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How To Fail As a Startup Before You Start

Brandon Uttley Starting A Business 1 Comment

One of the most important steps you need to take when starting a business is developing a viable business model. Do it right, and you’ve taken the first step toward entrepreneurial success. Do it wrong and you’re setting yourself up for failure.

Despite the real or self-perceived high-quality of your products or services, or the current demand in the marketplace, basing your startup on a poor business model is a recipe for disaster.

Business Models – The good, The Bad And The Ugly

The Best Business ModelsWhen starting a business, one of the most important considerations is what type or model of business…
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The best business models are profitable, sustainable, ethical and of course legal. The worst business models are the opposite of those things. Unfortunately, there is such a thing as the worst business model, which can be very easy to develop if you do the following things:

  •  Skimp on consumer research

Detailed consumer research will give you a better idea of the long-term profitability of your startup. You want to know if your target market is willing to pay for your startup’s offerings, even after any initial frenzy has subsided. Many businesses fail after the initial launch phase, due to poor consumer research.

  •  Be laser-focused on slashing costs

Sure, you want to be profitable from the start. However, if you focus heavily on cutting costs, you’ll end up negatively impacting other important goals like quality and value. Plan to measure the success of your startup in terms of other metrics like customer satisfaction and referrals, instead of just revenue. Remember, money spent on things that increase customer satisfaction and improve your product/delivery/service is worth it.

  •  Ignore market saturation

Say you have an idea for a relatively new and unexplored market. If your products and services are good, chances are you’re going to grow and become successful, but for how long? What happens when the appeal of the market attracts other entrepreneurs to compete against you? What happens when the market is saturated? When you plan for sustainability and factor in both future competition and market fluctuations, you plan for success.

Three of the Worst Business Models in the World

We’ve written before about some of the worst business models. Here are three more examples of the types of bad business models to avoid…unless you don’t mind failing after some time.

1. One where you rely heavily on advertising

A business model that relies on non-organic sources (primarily advertising) for the generation of 50 percent of its revenue (or more!) is the worst business model for a startup. To ensure you’re not choosing the worst business model ever, ask yourself – what is the primary source of cash inflow for your startup? Not only is advertising less profitable (people actively avoid ads), advertising-based revenues are more difficult to generate and, for the most part, unsustainable.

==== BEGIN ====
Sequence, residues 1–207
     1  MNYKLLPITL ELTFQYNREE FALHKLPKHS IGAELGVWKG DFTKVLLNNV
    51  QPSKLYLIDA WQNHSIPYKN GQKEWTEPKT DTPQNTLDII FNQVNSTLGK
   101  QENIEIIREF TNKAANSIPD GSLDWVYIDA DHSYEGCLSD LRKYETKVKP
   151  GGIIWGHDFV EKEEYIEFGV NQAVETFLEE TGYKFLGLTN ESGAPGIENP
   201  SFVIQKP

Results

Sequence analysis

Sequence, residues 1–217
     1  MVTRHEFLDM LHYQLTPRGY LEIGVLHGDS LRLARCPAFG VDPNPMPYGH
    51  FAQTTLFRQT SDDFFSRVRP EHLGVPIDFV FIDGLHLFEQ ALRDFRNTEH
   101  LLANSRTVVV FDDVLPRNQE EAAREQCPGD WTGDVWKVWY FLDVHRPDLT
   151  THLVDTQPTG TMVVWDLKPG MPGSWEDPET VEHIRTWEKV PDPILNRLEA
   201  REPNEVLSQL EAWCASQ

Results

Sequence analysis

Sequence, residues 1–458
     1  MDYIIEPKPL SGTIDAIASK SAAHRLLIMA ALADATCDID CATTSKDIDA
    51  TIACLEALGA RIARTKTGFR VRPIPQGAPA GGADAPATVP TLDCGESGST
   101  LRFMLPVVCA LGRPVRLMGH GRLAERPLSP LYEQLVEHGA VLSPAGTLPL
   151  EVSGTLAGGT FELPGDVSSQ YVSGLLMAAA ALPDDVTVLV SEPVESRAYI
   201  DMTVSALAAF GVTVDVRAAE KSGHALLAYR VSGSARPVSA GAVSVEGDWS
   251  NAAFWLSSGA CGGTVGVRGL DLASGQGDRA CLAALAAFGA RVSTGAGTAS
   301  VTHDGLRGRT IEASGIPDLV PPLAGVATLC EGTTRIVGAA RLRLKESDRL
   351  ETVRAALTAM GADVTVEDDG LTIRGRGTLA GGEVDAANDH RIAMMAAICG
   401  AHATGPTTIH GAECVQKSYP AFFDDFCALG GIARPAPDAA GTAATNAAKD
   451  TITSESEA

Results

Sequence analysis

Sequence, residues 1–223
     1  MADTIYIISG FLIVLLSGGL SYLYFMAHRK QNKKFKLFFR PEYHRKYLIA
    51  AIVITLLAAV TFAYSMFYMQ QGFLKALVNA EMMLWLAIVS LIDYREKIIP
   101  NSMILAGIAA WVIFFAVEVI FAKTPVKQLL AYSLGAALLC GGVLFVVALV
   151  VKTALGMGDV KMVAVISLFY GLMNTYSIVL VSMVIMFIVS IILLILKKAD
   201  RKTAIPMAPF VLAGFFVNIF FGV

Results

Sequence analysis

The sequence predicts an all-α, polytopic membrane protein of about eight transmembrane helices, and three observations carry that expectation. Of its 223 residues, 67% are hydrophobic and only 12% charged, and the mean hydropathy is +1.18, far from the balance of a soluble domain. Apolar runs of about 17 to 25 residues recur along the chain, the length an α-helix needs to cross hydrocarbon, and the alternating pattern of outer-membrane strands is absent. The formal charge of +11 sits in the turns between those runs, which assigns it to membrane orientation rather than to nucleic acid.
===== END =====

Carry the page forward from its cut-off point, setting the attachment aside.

2. One where you sell your time

What makes this business model one of the worst is the limits it puts on your revenue potential. Even if you charge high rates when selling your own working time, there’s a ceiling on the number of hours in the day and therefore how much you can make. Additionally, you won’t be creating any real asset(s) that can be sold later, since all you’re really selling is your own time. However, since businesses based on trading hours-for-dollars require very little investment, many people do consider starting out this way, while actively planning on ways to move to evolve their business to a more sustainable model.

3. One where you have to invest heavily to start up

Fancy restaurants and brick-and-mortar retail stores are two examples of startups requiring high upfront investment costs. What makes them among the worst is their cost-intensive labor and high turnover. You also have to factor in legal costs, competition (especially online competition for retailers), regulatory issues and an array of growth challenges.

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What’s Your Experience?

Have you made mistakes early on as an entrepreneur? What did you learn to avoid in order to be successful the next time you started a business?

Photo credit: Nicholas Echkhart

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About The Author

Brandon Uttley

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Brandon Uttley is Commander and CEO of Go For Launch, LLC, his fifth startup. He is passionate about helping others launch and grow successful businesses. When not working on his business, he enjoys spending time with his wife and two young children.

 

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Disclosure of Material Connection: Some of the links in the post above are "affiliate links." This means if you click on the link and purchase the item, I will receive an affiliate commission. Regardless, I only recommend products or services I use personally and believe will add value to my readers. I am disclosing this in accordance with the Federal Trade Commission's 16 CFR, Part 255: "Guides Concerning the Use of Endorsements and Testimonials in Advertising."